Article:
Following the end of World War I, there was growing need for fast, regular airmail services from Malaya and the Netherlands East Indies. Michael Waugh introduces us to the first flights to operate to and from the region, in particular those made by two rival airlines, KLM and Imperial Airways.
For such a small island there is a lot of interest to be had in Saint Lucia for a philatelist. The first stamps had no values shown, were printed by two different companies and in different colours, and later overprinted with face values before being replaced with the standard De La Rue key type, some of which were modified by overprinting, as outlined here. [Read more…]
A former British Crown Colony, at that time Antigua was administered by a Governor supported by a Secretariat. The Governor was responsible to the Colonial Office in London, which was controlled by the Secretary of State for the Colonies on behalf of the British Government. Following the death of King George V on 20 January 1936, and the abdication of his son, Edward, on 10 December 1936, Edward’s brother, Bertie, became King George VI. As the date of Edward’s Coronation had been set for 10 May 1937, there was no opportunity to change this ceremonial timetable for King George VI’s Coronation, which left little time for the preparation and printing of a new set of definitive stamps.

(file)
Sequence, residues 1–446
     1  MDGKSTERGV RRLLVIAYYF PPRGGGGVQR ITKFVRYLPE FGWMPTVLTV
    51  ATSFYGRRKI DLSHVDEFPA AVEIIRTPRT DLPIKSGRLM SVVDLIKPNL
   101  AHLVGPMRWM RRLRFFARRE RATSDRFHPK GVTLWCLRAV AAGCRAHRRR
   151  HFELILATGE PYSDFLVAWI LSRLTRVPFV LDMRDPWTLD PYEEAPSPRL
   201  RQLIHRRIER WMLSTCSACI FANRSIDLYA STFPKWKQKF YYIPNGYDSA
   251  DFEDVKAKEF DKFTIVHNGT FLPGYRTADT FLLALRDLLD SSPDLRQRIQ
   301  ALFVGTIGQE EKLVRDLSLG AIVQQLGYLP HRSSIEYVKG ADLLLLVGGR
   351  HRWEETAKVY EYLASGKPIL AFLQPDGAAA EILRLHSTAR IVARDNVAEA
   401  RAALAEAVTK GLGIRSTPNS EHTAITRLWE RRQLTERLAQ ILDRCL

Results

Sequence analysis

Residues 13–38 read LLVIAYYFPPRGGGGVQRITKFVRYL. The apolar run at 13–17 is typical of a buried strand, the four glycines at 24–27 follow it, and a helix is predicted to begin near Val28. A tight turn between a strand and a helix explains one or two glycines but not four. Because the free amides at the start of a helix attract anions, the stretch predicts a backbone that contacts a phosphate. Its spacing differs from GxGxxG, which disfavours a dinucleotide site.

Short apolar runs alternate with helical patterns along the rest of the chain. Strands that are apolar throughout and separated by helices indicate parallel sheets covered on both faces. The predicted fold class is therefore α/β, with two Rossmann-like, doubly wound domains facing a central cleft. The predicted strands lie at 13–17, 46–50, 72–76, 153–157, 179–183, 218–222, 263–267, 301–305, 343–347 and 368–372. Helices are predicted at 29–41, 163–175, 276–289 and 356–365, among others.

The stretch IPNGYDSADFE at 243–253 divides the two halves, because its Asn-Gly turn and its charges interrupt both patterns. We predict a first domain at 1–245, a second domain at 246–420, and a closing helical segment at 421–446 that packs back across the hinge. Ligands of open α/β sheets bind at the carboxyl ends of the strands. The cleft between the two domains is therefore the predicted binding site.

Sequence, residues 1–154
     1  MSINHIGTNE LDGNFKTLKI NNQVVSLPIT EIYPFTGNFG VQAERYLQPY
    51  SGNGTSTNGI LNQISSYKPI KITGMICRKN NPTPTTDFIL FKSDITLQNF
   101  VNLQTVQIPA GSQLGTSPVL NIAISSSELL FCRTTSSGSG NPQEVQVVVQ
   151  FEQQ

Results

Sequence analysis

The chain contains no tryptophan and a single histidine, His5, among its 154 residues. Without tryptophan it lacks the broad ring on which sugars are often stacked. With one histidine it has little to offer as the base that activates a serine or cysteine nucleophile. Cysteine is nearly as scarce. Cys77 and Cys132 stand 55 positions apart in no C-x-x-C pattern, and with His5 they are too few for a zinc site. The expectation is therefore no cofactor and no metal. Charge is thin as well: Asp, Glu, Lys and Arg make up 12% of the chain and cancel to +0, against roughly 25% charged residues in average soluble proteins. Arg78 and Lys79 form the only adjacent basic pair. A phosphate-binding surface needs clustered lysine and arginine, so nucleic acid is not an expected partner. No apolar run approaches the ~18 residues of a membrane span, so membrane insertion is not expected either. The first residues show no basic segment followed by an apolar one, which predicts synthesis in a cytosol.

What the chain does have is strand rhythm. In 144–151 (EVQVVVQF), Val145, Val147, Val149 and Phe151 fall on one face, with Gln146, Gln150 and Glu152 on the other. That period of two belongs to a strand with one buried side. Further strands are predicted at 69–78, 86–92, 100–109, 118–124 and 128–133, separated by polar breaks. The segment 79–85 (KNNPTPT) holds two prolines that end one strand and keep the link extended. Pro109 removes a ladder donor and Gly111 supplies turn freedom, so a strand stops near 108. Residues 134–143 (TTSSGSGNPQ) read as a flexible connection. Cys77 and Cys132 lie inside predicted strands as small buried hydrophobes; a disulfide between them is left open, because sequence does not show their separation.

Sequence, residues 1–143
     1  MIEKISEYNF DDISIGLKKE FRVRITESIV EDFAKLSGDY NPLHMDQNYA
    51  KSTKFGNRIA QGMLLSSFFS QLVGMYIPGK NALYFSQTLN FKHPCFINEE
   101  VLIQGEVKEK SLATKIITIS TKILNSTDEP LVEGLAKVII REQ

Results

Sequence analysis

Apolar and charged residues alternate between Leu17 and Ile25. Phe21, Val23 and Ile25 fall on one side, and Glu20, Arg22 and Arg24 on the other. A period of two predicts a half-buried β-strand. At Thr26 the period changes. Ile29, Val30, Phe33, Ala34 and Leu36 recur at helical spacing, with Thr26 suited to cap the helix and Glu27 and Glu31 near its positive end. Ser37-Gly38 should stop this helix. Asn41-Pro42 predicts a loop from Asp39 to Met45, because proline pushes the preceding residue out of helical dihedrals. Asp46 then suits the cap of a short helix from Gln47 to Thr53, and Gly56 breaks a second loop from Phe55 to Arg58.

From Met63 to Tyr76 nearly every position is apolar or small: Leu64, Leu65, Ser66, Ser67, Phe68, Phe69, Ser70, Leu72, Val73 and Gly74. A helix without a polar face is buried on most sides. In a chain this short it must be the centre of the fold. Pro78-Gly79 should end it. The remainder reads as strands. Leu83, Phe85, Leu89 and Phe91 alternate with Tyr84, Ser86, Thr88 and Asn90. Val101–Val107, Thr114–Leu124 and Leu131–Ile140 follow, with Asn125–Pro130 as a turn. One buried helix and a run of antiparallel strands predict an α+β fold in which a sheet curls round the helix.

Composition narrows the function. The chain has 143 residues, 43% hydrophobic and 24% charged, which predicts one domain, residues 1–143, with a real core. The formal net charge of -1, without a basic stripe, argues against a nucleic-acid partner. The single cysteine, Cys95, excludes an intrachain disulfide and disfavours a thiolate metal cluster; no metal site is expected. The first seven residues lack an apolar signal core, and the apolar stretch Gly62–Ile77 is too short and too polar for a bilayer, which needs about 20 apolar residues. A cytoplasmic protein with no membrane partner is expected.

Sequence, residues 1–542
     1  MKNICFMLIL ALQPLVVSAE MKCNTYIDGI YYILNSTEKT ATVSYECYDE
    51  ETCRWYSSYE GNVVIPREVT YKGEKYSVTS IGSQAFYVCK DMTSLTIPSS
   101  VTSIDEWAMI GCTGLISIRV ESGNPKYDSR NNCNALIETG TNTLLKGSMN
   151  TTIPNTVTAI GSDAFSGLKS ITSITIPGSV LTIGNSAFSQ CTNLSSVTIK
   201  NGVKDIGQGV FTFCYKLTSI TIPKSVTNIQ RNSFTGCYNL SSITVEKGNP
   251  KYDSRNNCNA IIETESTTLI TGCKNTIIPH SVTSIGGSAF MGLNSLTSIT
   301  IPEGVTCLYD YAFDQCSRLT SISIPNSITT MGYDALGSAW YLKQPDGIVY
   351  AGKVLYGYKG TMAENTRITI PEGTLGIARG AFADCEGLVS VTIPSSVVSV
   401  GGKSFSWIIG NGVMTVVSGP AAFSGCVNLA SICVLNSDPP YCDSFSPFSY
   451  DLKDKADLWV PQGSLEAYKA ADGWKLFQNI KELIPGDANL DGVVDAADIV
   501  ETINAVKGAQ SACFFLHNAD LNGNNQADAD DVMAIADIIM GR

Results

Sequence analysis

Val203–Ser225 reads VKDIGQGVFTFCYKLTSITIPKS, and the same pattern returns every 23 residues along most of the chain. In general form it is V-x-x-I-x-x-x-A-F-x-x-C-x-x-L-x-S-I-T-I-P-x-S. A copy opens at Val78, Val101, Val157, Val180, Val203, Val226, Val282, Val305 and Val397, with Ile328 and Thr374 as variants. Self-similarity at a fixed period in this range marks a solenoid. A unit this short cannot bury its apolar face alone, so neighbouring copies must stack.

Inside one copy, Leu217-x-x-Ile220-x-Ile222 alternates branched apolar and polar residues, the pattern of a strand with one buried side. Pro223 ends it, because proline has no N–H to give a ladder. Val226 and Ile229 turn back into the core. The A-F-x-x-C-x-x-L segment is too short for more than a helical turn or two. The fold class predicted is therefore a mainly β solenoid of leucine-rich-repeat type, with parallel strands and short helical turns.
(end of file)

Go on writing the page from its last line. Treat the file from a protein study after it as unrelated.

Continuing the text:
Having introduced or re-introduced certain aspects of Philippe von Ferrary’s personality to readers in my article in the March issue of GSM, let’s now turn to a little-known aspect of the collections of the ‘King of Stamps’. It is widely-known that the French authorities sequestrated the collections which were found at Ferrary’s Paris residence – the Hotel Matignon. This huge haul was sold over 14 sales between June 1921 and November 1925, and it featured some of the most famous stamps in the philatelic world.